8
$\begingroup$

Suppose $G$ is a discrete group given by finitely many generators with finitely many relations. Can the homology groups $H_i(G, \mathbb{Q})$, or equivalently $H_i(BG, \mathbb{Q})$ (topological homology of the classifying space) be infinite-dimensional? Can they be nonzero for infinitely many $i$?

For any finitely presented groups I've seen, the answer is a surprising "no" (all finitely presented groups I know act on a finite-dimensional contractible space with finite stabilizers, and it follows that above the dimension of this space, homology vanishes). But it really should be the case that a "general" finitely-presented group has infinite homology... does anyone know of an example?

$\endgroup$
  • 1
    $\begingroup$ Just to make sure: the assertion that $H_i(G,\mathbb{Q})$ is finite-dimensional (for all $i>2$) is an assumption, yes? $\endgroup$ – Alex Suciu Aug 7 '14 at 4:24
  • $\begingroup$ Also, "infinite homology" means "infinite-dimensional homology" (as $\mathbb{Q}$-vector space), right? $\endgroup$ – Alex Suciu Aug 7 '14 at 4:26
  • $\begingroup$ @Alex: I thought any group homology of a finitely presented group is finite-dimensional. Are there examples where $H_2$ isn't? And yes, "infinite" means infinite-dimensional $\endgroup$ – Dmitry Vaintrob Aug 7 '14 at 8:07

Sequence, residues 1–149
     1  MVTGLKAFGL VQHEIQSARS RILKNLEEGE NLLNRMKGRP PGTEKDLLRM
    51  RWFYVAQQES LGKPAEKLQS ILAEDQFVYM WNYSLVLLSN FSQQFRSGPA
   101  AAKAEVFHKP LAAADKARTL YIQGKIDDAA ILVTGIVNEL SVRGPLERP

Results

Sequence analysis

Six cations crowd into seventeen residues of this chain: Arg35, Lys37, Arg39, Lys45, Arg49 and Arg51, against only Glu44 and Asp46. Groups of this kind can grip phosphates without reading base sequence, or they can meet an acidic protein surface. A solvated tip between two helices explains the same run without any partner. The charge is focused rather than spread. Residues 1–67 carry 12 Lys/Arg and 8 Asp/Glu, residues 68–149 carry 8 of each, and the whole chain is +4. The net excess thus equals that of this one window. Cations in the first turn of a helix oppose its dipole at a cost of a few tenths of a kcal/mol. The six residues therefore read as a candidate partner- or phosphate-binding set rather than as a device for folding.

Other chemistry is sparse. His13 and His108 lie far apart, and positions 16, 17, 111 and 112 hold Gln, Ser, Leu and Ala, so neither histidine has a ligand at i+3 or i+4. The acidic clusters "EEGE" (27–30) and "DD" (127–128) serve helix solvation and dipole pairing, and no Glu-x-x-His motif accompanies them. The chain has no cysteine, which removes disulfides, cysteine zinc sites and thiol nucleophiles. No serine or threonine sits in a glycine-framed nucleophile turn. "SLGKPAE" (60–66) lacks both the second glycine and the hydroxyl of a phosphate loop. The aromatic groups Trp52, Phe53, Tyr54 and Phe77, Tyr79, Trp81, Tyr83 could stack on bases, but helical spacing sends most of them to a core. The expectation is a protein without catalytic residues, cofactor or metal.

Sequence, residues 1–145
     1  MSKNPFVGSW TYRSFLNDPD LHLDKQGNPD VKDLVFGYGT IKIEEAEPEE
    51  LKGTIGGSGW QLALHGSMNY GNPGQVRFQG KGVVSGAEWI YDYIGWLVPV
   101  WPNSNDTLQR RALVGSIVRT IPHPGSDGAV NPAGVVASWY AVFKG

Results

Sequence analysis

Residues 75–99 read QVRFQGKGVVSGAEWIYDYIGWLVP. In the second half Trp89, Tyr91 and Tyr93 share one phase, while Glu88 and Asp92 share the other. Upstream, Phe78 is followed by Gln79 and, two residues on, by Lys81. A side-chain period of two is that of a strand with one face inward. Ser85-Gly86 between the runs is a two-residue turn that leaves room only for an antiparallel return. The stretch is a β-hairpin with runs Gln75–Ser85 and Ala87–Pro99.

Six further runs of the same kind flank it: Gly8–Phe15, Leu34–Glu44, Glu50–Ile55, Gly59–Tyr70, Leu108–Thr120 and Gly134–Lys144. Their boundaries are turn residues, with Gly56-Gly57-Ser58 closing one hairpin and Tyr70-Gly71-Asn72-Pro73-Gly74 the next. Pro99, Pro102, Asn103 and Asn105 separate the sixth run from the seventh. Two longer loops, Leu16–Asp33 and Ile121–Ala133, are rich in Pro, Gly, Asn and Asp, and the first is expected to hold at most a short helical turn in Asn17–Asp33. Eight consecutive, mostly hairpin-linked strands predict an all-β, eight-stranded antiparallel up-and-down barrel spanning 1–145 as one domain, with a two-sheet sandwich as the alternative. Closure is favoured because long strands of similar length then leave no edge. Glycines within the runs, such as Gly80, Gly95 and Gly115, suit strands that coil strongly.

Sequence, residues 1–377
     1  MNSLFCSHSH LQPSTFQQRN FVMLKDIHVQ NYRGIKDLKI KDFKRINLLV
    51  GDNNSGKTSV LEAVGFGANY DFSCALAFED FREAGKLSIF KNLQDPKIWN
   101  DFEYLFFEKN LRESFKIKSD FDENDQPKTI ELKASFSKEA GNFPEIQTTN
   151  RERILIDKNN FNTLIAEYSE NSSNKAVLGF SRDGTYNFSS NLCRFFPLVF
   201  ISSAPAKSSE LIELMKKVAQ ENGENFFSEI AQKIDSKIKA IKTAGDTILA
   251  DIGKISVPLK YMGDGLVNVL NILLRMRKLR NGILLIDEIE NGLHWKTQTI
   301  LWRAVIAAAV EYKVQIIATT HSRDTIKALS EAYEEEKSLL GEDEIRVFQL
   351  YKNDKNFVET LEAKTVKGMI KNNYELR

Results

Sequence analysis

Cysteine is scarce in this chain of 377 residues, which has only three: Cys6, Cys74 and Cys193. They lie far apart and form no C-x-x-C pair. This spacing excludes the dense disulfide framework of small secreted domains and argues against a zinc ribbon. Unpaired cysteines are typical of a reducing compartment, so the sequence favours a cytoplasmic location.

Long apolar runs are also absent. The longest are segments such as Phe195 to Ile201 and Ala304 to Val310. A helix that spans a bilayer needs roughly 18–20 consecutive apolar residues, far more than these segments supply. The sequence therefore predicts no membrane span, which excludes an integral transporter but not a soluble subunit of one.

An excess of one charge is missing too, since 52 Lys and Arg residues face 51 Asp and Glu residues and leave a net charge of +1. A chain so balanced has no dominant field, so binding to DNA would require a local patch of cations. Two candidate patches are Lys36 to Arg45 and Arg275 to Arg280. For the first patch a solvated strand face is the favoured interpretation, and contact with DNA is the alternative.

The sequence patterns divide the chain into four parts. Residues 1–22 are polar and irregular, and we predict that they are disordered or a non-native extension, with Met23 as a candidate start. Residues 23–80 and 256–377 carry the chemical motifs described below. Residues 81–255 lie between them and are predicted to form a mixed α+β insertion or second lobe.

• 8
    $\begingroup$ Yes, $H_2$ of an fp group is finitely generated. But, say, $H_3$ needs not be finitely generated. The first such example was given by John Stallings, in a seminal paper, titled, sure enough, A finitely presented group whose 3-dimensional integral homology is not finitely generated, see here. $\endgroup$ – Alex Suciu Aug 7 '14 at 8:27
  • $\begingroup$ @Dmitry: you should edit the second sentence of your question according to Alex' comments. $\endgroup$ – YCor Aug 7 '14 at 9:54
18
$\begingroup$

Thompson's group F is an example. It's finitely presented and, according to this paper of Ken Brown, the integral homology is free abelian of rank 2 in every positive dimension.

$\endgroup$

Your Answer

By clicking “Post Your Answer”, you agree to our terms of service, privacy policy and cookie policy

Not the answer you're looking for? Browse other questions tagged or ask your own question.